URL: http://www.aph.org/LISTENING TO WINDOWS 95 is an interactive CD-ROM-based tutorial for Windows. Betacom Corp.2999 King Street W.
Phone: 800-353-1107VisAble Scientific Calculator allows users with low vision to perform scientific, statistical, and trigonometric calculations (comes with large print manual) Blazie Engineering105 E. Jarrettsville Road
Forest Hill, MD 21050
Phone: 410-893-9333Notetaker offers combination of speech access, refreshable Braille, and a standard keyboaRoad Stores more than 16,000 pages of Braille info! Together with a screen access program like Job Access With Speech (JAWS) for Windows®, Type Lite becomes a dynamic Grade 2 Braille display for your PC. No knowledge of Braille is required to operate Type Lite. BlindSkills, Inc., publisher of Dialogue MagazinePO Box 5181
Salem, OR 97304-0181
Phone: 800-860-4224 / 503-581-4224
URL: http://www.blindskills.com/ Closing the Gap526 Main Street
PO Box 68
Henderson, MN 56044
URL: http://www.closingthegap.com/The Feb./March 1999 issue of the bimonthly newspaper, Closing the Gap, is devoted to the annual Closing the Gap Resource Directory, a guide to the selection of computer-related products for people with disabilities. The directory can be purchased separately for $14.95 or can be included as part of an annual subscription for $31. Community Services for the Blind and Partially Sighted9709 3rd Avenue NE, #100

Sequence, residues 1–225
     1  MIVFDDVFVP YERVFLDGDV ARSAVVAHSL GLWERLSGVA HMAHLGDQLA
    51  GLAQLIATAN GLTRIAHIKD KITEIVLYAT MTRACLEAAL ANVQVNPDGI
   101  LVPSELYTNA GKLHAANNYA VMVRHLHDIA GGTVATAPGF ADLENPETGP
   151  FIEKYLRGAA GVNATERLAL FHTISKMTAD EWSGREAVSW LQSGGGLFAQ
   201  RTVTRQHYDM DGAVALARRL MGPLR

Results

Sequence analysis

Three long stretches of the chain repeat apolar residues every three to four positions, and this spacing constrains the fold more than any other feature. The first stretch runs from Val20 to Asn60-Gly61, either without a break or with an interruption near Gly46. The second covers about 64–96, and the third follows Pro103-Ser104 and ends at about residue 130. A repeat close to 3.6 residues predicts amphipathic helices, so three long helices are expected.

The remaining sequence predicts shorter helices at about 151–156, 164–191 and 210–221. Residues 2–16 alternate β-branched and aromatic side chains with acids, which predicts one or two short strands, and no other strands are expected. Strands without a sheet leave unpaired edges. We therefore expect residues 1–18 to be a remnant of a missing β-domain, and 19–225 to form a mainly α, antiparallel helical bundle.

Seattle, WA 98115-2027
URL: http://www.sightconnection.com/CSBPS has an online store dedicated to products for living with vision loss. Disability NetSuite 5D North Mill
Belper, Derbyshire, DE 56 1YD
URL: http://www.disabilitynet.co.uk/Their web site offers information for disabled people—wide variety of services ranging from research to penpals. Duxbury Systems, Inc.435 King Street
PO Box 1504
Littleton, MA 01460
URL: http://www.duxsys.com/They offer various software applications for visually impaired people. Enabling Technologies1601 NE Braille Place
Jensen Beach, FL 34957
URL: http://www.brailler.com/Translates American English text from your PC or Mac into print or Braille. Built-in synthesizer speaks all prompts as they appear on the LCD screen. Full Life ProductsPO Box 490
Mirror Lake, NH 03853-0490
URL: http://www.superproducts.com/index.php?ct=8305Model 560CW Talking Caller ID, which audibly announces incoming 10-digit telephone numbers and stores 99 recent calls for visual and audio review. General Council of Industries for the Blind1901 N. Beauregard Street
Alexandria, VA 22322
URL: http://www.nib.org/ Index Braille (Sweden)E-mail: email@example.com
URL: http://www.indexbraille.com/Optical Braille Recognition scanning program that makes it possible to read single-and double-sided Braille documents with a standard A4 scanner. Innoventions Inc.5921 S. Middlefield Road